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Yamaha RD400 1981 Road Test

How would you fancy an RD400 that could blow machines with twice that capacity into the weeds? The idea appealed to reader Brian Dodson so he invested two years' work and a lot of money achieving just that.

It's not an idle boast, we speed trapped his bike at MIRA where it reached 125.69mph in fairly neutral wind conditions. We were impressed! We often hear from readers who claim that their bog-stock xyz goes 20mph faster than our road test version, but when you get down to the timing lights the bullshit stops.

To get the kind of speeds we were recording you need just one thing — power, and plenty of it! In fifth gear the engine would sing on to 10,000rpm and a genuine 121.54mph. In fact the power spread was one of the best things about this conversion, the other good point was the stability.

Even flat out the bike was rock steady and Brian achieved this with remarkably little in the way of modifications. The bike is fitted with taper roller head bearings which Brian says made a big difference. There is an air conversion on the front, drilling and tapping the original fork nuts to accept a GS1000 balancing kit. Pressure is set to 8 to 10 psi. At the rear Koni dampers control the stock swinging arm while damping at the front is helped by 30 weight Bel-Ray at 210cc per leg.

The engine tune is a story of gradual development over a couple of years, and Brian made a few mistakes along the way. Opening up the reed stops to 12mm lift helped the power, but the bottom reed broke up after several thousand miles. Fitting two six thou reeds cured this although Brian has now gone over to Boyesen Racing reeds after reading the report in MCN.

The cylinder heads have been lightly skimmed but Brian was still running with head gaskets so the squish could probably come closer yet. The barrels were ported by Stan Stevens Motorcycles at Sevenoaks in Kent and although we have no details on the port dimensions we have been assured that the holes are "big"!

To match up with the big ports, Brian bought a pair of 34mm Amal Mk11 carbs. These were fitted to the standard intake rubbers which were cut out to match the new carb bore — the same mod as our own shoot-out Yamaha RD250. The power range on the new port timings and the Amal carbs was very good but the addition of power jets, from Amal, helped things even further. Brian fine tuned the power jets by extending the feed nozzle with brass tube obtained from a radio shop. This brings the jet in earlier as the throttle opens and it really smoothed out the pick-up.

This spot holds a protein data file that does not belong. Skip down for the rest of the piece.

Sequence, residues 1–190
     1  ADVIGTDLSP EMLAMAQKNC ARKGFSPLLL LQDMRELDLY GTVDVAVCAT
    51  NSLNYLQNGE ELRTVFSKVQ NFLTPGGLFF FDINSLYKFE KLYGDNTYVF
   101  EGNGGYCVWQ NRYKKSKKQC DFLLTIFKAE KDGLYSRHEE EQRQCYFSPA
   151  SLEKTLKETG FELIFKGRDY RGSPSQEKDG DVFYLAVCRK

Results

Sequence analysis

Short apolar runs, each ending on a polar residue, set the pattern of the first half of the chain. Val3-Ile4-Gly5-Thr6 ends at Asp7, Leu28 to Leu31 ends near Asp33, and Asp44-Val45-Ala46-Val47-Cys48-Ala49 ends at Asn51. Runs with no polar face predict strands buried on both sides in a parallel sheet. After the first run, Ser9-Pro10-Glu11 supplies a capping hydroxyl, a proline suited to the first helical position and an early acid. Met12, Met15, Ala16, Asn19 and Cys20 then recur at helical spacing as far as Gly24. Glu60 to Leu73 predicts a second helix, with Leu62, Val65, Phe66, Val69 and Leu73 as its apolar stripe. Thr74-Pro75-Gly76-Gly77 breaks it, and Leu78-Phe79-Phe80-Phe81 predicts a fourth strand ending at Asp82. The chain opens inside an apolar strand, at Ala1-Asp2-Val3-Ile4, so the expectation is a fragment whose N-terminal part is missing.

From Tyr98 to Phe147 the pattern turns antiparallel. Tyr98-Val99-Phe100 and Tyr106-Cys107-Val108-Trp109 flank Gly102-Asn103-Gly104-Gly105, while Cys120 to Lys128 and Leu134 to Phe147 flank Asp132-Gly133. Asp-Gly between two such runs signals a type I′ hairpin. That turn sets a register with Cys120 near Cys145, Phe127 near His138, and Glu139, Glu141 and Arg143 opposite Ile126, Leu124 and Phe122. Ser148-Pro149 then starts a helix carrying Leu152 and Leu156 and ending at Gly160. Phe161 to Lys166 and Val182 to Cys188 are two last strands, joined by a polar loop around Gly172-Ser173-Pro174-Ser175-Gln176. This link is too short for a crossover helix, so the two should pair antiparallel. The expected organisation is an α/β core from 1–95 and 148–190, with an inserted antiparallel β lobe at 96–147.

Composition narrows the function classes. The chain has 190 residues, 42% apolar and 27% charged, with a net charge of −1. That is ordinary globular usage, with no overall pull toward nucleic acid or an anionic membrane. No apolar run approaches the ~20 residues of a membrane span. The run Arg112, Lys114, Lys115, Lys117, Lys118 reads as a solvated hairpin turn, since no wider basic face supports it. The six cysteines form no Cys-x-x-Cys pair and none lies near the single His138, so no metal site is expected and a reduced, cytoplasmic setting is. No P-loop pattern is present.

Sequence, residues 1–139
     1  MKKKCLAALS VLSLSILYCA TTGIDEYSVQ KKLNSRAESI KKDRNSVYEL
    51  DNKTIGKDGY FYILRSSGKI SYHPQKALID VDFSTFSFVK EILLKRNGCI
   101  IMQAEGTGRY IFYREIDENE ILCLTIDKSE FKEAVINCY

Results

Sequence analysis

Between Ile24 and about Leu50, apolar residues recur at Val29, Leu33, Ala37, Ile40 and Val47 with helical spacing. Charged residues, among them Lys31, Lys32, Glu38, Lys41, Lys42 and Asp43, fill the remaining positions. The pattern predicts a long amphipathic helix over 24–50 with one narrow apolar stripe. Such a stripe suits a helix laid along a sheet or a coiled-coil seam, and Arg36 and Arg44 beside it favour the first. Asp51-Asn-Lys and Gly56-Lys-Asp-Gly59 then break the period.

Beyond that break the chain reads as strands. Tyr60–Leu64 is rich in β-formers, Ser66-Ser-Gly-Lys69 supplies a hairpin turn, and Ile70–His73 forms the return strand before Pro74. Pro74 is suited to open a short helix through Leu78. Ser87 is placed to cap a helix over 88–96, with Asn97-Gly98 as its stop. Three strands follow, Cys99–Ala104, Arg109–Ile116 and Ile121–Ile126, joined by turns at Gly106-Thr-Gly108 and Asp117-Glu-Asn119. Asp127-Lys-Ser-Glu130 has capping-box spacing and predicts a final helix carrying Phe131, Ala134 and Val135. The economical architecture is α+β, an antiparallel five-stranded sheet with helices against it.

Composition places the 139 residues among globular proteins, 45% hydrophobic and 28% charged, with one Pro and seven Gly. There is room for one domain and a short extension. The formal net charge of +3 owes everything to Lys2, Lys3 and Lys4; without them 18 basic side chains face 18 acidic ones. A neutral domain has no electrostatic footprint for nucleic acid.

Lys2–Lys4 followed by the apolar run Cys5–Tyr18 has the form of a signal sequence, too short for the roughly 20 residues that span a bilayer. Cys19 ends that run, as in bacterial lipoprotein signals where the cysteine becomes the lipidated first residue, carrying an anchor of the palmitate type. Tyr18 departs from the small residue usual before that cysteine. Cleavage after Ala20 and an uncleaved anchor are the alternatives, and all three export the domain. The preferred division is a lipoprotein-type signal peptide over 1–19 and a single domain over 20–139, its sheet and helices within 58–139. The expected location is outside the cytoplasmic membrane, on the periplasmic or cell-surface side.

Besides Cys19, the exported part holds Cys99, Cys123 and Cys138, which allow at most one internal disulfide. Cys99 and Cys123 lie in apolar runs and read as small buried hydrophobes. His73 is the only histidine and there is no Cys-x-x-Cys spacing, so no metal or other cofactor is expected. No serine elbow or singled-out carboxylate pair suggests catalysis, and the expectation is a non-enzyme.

I checked with the Amal technical department on this point and they said it was perfectly acceptable to tune in the power jet in this way. Their standard jet length is a compromise for all the applications which the carb can be adapted to, with wild port timings on a two stroke, bringing the power jet in earlier helped smooth out the power delivery.

On the exhaust side Brian chose Allspeed Formula 111 expansion chambers. The centre stand cannot be used with these pipes but they do tuck underneath the engine, much like the LC model, and increase cornering clearance.

The plain section of the front pipe with the spring fitting made it a piece of cake to shorten the system. Brian took one inch off the down pipe and modified the back fitting bracket. This gave even better ground clearance and let the motor rev out higher.

In this very high state of tune the engine is remarkably flexible and easy to drive, as Brian says: "It is more like a tuned four stroke on the road with usable power from quite low engine speeds."

To cope with the extra power the clutch had to be beefed up. This is a common problem with mildly tuned RD400 engines so Brian had quite a problem! His answer was to visit no less than 40 bike shops searching for stronger clutch springs. Finally he discovered that Honda 125 inner VALVE springs could be fitted with just a little machining of the clutch pressure plate. Initially Brian had six Honda springs but found the pressure just too much. He now has three, with three standard springs and has had no trouble at all from the unit.

Going faster is one thing, stopping is another.